But God is still on top of things here. As horrible as it is, God will carry out his plans, just as the horrible destruction of Jerusalem and the exile of the Jews was actually part of God’s loving interaction with them. And Lamentations 2 focuses “on a proper response to God’s sovereignty”.
Says Rah, “The destruction of Jerusalem reveals YHWH’s fidelity to the covenant curses, which reflects his fidelity to the covenant itself. If God stays true to his character, he has to judge unrighteousness and injustice because he takes sin seriously.”
It is appropriate for the lamenter to experience a level of disease and discomfort with the harsh judgment imposed upon Jerusalem. However, lament also acknowledges God’s right to judge humanity. God abhors sin, therefore the prophet should also abhor sin. The prophetic role is to point out and call out sin, not just in the individual context but also in the corporate context. The faithfulness to point out sin is also an implicit faithfulness in God’s desire to restore. He has judged rightly and he will restore rightly. Are we willing, therefore, to accept God’s righteous and appropriate judgment?
And one more quote:
Lament presents an appropriate response to suffering, but lament must also correspond to the recognition that God is in control. The expression of God as the main subject of agency in Lamentations 2 reveals a God who is indeed sovereign over history and serves as the righteous judge over history. If we trust in God’s sovereignty to judge, then we can also hope in God’s sovereignty to expand his reign over human history. Lamentations 2 asserts that God is the primary actor in Jerusalem’s history. The acknowledgment of this sovereignty should free those of us who put our trust in God to not put ourselves in the place of God. An important aspect of Lamentations is the challenge to accept historical reality and to embrace God’s sovereignty over history. We are called to lament over suffering and pain, but also to recognize God’s larger work.”
That is my main concern here: to get us to see the bigger picture, to try to discern what God might be doing here, and what our appropriate response might be. Yes, God is in control – he was over the Babylonian captivity, and he is over COVID-19.
What really matters is to seek God, seek his will, and seek to get fully in alignment with his purposes. And I cannot see how any biblical Christian would deny this basic truth: whether or not this present crisis is the direct and explicit judgment of God upon a sinful and rebellious world (it certainly could be), at the very least, God is using it to get our attention, to get us to rearrange our priorities, and to get right with God in Christ while we still have the chance.
5 Replies to “Corona, Christ, Judgment and Lament”
Thank you, Bill. I concur.
A warning for us though: we may be inclined to sympathise with the sentiment, “We all prefer to get back to normal as soon as possible”, but for those who honour Christ ahead of all else, “normal” is not where we should be heading. The old “normal” is a sinful nation (world, indeed) which largely has turned its back on the God of Abraham, Isaac and Jacob, on God the Father of our Lord Jesus Christ. Our post-COVID 19 objective should be to re-form as a nation on its knees in prayer, repentant and recommitted to seeking first the kingdom of God. Let us not waste this new opportunity our God is giving us.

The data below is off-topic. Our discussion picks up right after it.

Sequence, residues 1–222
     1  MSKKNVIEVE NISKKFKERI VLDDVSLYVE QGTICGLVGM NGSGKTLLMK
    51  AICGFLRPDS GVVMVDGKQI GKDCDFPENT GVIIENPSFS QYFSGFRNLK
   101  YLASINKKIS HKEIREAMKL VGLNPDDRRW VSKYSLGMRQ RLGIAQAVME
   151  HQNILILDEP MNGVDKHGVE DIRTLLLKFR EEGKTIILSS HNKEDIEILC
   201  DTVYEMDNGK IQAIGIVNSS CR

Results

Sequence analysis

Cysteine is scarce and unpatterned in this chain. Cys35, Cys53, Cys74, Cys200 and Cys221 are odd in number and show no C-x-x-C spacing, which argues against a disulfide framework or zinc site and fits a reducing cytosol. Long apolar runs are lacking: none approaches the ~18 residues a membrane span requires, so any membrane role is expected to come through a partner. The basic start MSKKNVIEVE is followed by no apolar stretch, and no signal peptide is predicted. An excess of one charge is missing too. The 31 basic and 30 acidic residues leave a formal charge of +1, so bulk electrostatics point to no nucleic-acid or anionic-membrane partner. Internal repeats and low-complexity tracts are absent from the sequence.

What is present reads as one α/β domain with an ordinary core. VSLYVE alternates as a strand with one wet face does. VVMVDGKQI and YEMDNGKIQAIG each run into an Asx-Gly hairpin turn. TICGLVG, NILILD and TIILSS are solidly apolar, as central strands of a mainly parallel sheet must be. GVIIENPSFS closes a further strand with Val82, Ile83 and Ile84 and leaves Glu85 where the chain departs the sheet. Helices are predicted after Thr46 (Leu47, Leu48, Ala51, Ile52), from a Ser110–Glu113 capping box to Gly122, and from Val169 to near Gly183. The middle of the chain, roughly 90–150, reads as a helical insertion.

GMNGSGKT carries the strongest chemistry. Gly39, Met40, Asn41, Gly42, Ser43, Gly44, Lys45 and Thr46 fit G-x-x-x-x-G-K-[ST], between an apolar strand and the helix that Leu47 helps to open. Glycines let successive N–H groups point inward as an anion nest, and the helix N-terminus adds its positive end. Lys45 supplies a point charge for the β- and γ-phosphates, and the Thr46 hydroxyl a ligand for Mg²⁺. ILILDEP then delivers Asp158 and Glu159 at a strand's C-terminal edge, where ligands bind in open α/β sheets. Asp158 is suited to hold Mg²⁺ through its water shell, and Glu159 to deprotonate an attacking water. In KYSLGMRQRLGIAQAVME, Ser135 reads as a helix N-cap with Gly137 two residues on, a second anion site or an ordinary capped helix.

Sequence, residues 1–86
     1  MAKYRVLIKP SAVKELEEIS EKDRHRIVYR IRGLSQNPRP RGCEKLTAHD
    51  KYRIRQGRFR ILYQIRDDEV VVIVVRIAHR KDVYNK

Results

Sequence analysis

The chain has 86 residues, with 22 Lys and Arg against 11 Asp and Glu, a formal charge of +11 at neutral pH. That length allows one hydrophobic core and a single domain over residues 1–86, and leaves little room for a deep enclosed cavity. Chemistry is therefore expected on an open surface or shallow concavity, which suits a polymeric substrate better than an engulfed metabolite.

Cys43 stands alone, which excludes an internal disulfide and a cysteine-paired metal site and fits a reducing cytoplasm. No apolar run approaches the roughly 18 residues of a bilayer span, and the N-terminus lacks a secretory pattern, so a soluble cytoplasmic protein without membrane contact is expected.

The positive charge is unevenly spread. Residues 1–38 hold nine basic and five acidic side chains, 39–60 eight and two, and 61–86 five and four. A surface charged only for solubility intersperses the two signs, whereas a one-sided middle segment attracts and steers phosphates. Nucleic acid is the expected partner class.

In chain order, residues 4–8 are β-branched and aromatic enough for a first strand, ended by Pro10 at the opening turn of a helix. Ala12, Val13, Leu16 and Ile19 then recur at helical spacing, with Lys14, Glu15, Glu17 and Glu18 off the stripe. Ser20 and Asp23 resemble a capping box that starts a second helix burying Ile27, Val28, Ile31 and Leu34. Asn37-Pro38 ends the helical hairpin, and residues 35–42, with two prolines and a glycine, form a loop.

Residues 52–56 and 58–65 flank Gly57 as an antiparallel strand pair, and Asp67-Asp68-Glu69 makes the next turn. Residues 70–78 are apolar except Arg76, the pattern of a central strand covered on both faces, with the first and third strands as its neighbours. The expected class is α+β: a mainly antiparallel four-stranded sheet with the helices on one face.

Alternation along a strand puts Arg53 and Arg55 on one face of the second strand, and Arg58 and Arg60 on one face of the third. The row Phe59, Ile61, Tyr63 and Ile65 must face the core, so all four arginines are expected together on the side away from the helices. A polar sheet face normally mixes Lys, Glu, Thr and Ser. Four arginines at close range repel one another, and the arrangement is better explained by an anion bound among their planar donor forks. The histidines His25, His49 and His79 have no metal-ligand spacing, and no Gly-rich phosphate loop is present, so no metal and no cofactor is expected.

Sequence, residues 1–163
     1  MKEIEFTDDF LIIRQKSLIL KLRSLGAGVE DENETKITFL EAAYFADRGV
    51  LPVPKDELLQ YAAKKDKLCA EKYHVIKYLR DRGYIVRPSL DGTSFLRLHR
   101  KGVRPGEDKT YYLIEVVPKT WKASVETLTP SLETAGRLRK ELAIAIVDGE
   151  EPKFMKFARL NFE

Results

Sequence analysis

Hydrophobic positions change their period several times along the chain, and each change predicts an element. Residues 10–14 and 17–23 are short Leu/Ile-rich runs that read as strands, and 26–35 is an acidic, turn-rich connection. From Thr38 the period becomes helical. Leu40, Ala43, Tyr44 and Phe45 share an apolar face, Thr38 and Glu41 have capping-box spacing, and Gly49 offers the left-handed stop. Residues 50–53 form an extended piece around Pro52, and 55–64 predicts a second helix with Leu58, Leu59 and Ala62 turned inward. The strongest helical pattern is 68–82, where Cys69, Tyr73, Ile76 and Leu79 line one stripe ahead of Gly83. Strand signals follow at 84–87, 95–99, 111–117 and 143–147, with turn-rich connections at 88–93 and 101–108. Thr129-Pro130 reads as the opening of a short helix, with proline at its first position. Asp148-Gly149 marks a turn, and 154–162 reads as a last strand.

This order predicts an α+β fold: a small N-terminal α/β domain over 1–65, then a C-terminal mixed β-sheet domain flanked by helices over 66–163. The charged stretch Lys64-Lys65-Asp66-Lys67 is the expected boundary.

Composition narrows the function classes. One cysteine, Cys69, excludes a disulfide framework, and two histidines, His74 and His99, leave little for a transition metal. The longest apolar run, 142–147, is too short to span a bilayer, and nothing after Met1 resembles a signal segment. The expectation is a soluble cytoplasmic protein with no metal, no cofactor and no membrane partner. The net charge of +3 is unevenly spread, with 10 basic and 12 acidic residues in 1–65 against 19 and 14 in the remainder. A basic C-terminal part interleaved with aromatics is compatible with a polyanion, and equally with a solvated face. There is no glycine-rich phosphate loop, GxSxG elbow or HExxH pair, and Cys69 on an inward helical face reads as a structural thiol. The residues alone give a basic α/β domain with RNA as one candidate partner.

I also concur.
I am meditating in the last chapters of Jeremiah each day at the moment.
It is really confusing to see prophesies of doom mixed with those of hope and welfare.
I think that there is an invaluable, proper place for deep repentance and lament both over sinfulness and suffering.
We indeed must let God get our attention, so that individually, as God’s people,and hopefully as a nation we can get right with God.
He may indeed smash all our icons.
He even said that those who leave Jerusalem willingly would be saved; now that is tough, when we are asked to leave behind all that is valued and supposedly gives us justification, and security.
Through all the suffering and lamenting in Jeremiah’s book, there is the regular reminder of that ultimate hope, not just that God does what is right but that God will fulfill His promises with eternity in mind.
Those promises do not at all reduce the suffering, but add two dimensions that enable us to perhaps even embrace it.
The first is the calling to a higher empowered righteousness, in the here and now.
The second as I have mentioned is the eternal hope that it is gloriously all about Jesus in the end.
What then is God doing here?
For the church is it perhaps a call to be both more foundational, more spiritually passionate and more militant?
For our society is it perhaps to rediscover the fear of God (and all that that means)?
Dear Bill, if I might preface the following offering with the invitation for you to change or not use it, unless you discern the Spirit to be in these words.
It seems God, being the true loving Father that He is, like any devoted father must share in the pain that is the natural consequence of rebellion in which we have all played a part, and grieved ourselves and our Redeemer.
Perhaps we need to press in to His heart and pray that which Father knows best?
Praying for His will to be done in and through our lives (no better option) might best invite the Holy Spirit to dwell in us?